Pushing for Palestinian State
Egypt’s leader knows he is in trouble. Hosni Mubarak is the secularist president of a country turning radical. His already shaky position appears less secure by the day. Worried by rising support for Islamists among his people and the sidelining of Egyptian influence within the region in favor of an ascendant Iran, Mubarak is anxious for a solution—and a place to lay the blame.
For both of these, he has found what he is looking for in the United States.
On an October visit to Egypt by the U.S. secretary of state, Egyptian officials pushed for the U.S. to resolve what they consider the primary problem in the region. The International Herald Tribune reported, “… Egypt is pressing the United States for an aggressive promotion of Palestinian statehood as a means of strengthening itself and other Arab governments allied with Washington, senior officials say. Egyptian officials told Secretary of State Condoleezza Rice on her recent visit here that the United States should move straight ‘to the endgame,’ with a major U.S. policy initiative tackling the most contentious Palestinian issues: borders of a future state, the site of the state’s capital, and the so-called right of return for Palestinian refugees” (October 22, 2006).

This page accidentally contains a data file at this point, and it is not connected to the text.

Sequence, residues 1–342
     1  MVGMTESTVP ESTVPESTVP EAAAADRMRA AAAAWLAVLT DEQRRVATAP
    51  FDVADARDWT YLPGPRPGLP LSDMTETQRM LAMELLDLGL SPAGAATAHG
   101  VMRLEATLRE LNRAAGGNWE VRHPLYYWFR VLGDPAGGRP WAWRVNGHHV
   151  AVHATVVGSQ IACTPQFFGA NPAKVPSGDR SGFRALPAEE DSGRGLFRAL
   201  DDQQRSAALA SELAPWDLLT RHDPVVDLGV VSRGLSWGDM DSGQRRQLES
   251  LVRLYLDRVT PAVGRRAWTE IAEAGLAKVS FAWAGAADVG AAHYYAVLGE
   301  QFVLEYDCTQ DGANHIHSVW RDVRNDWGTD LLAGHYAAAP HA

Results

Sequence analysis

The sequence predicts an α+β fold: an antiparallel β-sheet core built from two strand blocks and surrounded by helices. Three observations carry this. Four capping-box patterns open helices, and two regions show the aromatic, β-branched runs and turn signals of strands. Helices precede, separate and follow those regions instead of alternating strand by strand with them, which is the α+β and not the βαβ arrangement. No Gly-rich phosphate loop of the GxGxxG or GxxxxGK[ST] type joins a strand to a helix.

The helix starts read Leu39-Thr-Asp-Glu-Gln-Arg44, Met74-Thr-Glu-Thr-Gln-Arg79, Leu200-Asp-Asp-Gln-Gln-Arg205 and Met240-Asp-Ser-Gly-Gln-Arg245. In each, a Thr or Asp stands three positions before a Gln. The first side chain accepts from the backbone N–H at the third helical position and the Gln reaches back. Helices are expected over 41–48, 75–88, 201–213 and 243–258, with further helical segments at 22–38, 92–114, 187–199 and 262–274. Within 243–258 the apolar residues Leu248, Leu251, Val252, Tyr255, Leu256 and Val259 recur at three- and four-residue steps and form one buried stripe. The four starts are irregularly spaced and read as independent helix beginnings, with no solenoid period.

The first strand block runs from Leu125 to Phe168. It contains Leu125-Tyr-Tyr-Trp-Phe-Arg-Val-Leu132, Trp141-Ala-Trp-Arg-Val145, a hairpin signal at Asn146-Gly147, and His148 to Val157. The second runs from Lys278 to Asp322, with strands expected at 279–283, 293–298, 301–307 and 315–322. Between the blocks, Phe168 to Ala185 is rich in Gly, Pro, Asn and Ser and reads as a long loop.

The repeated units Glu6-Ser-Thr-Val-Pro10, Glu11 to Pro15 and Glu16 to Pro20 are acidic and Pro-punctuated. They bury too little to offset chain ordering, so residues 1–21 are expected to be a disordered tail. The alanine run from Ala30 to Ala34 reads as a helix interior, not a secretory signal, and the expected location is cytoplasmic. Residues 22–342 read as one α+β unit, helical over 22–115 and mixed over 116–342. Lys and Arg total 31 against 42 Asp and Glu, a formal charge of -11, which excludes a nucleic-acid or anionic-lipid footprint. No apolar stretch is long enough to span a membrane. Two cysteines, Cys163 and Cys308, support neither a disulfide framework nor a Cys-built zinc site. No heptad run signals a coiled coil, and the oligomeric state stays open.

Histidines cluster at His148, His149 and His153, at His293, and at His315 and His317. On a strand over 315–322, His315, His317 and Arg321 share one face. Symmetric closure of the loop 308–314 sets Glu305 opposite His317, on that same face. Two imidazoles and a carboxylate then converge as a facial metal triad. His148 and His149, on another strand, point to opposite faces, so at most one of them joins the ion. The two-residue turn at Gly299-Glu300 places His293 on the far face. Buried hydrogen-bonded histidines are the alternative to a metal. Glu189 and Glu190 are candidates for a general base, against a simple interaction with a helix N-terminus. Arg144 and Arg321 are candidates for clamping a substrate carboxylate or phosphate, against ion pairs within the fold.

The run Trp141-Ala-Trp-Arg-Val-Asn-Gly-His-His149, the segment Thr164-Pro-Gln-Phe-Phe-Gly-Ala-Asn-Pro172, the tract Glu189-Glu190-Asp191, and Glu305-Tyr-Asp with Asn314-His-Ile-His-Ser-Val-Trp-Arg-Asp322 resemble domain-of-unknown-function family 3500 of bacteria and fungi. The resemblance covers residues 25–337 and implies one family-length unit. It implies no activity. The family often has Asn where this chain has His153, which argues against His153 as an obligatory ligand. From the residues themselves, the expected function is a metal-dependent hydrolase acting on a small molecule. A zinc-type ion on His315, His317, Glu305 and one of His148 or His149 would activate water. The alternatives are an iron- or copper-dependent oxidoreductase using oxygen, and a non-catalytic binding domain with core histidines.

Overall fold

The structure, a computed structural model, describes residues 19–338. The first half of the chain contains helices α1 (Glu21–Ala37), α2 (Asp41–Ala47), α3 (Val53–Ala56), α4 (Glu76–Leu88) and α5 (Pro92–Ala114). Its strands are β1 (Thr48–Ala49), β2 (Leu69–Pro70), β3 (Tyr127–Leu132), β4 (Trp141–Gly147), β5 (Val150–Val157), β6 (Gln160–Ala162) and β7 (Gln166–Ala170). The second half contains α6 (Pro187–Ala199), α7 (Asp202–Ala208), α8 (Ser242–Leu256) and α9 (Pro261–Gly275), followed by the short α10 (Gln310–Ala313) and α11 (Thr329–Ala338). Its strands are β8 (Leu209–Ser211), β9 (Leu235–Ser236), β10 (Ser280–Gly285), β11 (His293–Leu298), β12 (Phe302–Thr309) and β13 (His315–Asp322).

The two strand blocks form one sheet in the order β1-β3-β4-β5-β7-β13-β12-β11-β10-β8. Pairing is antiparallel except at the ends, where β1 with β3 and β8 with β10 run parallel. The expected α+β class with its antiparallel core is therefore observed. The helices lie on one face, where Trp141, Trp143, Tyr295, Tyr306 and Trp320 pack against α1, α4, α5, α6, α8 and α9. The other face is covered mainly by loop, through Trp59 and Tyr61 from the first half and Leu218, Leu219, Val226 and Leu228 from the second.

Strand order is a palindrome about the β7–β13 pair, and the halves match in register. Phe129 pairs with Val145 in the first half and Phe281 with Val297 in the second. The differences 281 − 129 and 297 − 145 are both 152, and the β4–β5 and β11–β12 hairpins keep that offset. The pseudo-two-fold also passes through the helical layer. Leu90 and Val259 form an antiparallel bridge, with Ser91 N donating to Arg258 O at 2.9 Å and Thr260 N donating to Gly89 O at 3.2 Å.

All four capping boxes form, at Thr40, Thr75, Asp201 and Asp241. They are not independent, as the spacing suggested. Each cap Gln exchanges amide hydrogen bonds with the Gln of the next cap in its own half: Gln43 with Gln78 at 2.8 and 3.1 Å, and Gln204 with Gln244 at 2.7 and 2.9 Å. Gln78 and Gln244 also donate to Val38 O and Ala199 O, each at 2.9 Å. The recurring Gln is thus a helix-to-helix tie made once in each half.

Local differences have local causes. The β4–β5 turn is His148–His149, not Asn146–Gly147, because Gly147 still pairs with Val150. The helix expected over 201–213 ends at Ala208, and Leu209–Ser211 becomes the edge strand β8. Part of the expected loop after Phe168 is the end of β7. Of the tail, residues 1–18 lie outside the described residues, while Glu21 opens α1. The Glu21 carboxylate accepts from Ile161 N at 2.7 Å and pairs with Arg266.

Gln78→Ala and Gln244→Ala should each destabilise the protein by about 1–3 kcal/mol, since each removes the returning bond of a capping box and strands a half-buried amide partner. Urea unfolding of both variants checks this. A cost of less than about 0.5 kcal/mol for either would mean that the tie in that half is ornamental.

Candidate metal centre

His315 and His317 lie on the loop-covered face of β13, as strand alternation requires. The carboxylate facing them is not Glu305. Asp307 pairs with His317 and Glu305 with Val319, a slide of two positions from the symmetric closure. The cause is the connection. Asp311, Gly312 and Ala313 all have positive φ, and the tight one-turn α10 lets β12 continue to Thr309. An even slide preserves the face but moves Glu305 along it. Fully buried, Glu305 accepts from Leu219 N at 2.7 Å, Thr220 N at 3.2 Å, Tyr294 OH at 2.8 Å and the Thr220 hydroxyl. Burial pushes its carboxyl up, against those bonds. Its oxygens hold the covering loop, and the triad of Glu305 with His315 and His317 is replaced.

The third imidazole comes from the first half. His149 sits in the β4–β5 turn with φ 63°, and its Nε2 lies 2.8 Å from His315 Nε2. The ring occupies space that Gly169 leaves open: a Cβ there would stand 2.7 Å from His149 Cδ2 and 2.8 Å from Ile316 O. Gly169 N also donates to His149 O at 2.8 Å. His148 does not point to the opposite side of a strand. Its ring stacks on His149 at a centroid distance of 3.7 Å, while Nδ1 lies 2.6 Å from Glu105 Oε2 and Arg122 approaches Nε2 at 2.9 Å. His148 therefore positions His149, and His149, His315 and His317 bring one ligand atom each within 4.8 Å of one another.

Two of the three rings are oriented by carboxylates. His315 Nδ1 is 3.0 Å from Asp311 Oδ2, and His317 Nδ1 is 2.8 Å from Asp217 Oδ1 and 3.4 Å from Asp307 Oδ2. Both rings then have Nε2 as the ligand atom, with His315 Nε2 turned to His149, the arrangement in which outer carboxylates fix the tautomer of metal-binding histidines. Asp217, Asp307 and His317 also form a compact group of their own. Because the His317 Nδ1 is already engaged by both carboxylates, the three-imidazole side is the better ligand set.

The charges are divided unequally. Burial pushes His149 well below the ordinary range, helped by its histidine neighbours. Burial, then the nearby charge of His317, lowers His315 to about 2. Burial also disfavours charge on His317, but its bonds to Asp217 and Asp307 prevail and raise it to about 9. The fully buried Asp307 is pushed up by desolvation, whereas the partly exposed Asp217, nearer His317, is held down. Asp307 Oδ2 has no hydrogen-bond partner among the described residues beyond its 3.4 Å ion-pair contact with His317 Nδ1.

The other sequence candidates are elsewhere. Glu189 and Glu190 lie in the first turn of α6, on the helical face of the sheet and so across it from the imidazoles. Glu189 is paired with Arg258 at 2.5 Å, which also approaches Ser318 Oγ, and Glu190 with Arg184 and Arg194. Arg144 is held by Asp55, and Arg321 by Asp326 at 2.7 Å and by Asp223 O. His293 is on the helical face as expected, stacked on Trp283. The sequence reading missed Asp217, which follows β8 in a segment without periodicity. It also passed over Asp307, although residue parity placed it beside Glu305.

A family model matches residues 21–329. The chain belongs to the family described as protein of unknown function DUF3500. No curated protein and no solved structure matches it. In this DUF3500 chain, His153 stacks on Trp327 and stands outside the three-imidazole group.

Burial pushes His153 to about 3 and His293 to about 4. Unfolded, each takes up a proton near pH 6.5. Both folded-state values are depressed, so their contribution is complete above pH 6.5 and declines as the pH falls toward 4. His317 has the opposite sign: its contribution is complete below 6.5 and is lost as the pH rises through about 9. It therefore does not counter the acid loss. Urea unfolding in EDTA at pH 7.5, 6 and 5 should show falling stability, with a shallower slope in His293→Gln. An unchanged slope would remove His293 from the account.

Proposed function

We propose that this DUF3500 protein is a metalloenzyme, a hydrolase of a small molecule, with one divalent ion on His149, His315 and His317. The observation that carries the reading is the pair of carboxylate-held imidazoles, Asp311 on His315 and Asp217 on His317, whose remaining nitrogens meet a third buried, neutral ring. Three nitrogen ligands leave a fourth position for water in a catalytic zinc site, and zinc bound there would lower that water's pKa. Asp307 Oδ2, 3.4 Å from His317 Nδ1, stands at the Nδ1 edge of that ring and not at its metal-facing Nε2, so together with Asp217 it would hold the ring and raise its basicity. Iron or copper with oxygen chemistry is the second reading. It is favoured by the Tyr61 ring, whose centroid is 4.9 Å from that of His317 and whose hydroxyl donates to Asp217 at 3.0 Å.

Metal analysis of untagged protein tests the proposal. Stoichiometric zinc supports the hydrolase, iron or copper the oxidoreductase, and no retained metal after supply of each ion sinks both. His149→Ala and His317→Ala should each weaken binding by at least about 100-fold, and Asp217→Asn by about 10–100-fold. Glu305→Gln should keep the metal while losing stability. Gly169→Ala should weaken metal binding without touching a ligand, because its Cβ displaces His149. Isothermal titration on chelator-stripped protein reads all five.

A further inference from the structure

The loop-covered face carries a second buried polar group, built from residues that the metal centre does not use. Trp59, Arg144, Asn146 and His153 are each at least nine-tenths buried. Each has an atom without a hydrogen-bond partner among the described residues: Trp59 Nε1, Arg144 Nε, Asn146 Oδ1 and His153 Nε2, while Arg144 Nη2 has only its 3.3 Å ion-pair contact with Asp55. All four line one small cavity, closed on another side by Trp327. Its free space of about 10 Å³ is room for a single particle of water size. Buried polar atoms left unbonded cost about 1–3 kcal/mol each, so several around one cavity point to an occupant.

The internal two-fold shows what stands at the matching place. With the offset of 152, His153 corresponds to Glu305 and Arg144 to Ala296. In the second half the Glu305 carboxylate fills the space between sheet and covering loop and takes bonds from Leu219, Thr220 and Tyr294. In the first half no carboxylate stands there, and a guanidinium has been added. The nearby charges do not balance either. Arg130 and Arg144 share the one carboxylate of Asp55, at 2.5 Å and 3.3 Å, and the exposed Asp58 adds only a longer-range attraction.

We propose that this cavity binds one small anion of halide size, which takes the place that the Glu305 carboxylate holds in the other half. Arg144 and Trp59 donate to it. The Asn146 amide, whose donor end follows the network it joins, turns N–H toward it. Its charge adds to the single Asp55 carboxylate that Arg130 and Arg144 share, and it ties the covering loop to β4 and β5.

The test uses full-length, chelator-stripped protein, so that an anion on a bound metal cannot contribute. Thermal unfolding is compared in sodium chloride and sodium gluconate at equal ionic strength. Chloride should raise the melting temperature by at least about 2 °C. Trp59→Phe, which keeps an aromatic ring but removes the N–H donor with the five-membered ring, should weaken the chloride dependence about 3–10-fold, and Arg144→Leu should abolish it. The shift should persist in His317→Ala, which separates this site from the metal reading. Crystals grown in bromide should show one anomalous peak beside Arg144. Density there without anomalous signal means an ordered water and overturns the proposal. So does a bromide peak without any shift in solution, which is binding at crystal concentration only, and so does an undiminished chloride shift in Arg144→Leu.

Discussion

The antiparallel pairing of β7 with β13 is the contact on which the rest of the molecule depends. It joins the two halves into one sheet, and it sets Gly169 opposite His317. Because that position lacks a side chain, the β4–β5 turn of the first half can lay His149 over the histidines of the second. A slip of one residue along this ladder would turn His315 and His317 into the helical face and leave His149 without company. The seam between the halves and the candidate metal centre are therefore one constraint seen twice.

Why a Palestinian state? Given the unlikelihood of Palestinian statehood under present circumstances— Palestinian politics controlled by Hamas, southern Lebanon and the Gaza Strip becoming armed camps, Syria agitating to gain control of the Golan Heights—this request could merely be Mubarak trying to deflect Islamist hostility toward his own government.
Why the U.S.? Essentially, Cairo is pinning the blame for the Middle East’s problems on America. In the words of the iht: “The invasion of Iraq has put Baghdad into Iran’s orbit; the insistence on democratic elections allowed Hamas to gain power in the Palestinian areas; and, more recently, the refusal to press for a speedy end to Israel’s bombardment of Lebanon helped lionize Sheik Hassan Nasrallah, the leader of the militant group Hezbollah” (ibid.).
This view of events truly is interesting—and not a completely unfair representation of the unpleasant effects of America’s most robust efforts to stabilize the Middle East. The fact is, Mubarak’s relationship with the maligned U.S. is in some ways hurting his political fortunes more than helping them.
The iht article described Egypt as being “in a moment of political twilight.” That certainly describes Mubarak’s regime. But it isn’t the case for the Muslim Brotherhood, Egypt’s officially banned but most popular and only credible opposition political party, whose wagon is firmly hitched to the rising star of radical Islam.
The Trumpet has long believed Egypt would eventually throw in its lot with the radical politics of Iran. Watching Mubarak’s political squirming and his tacit acknowledgement of the increased pressures he is facing shows that, in one sense, this is already becoming reality.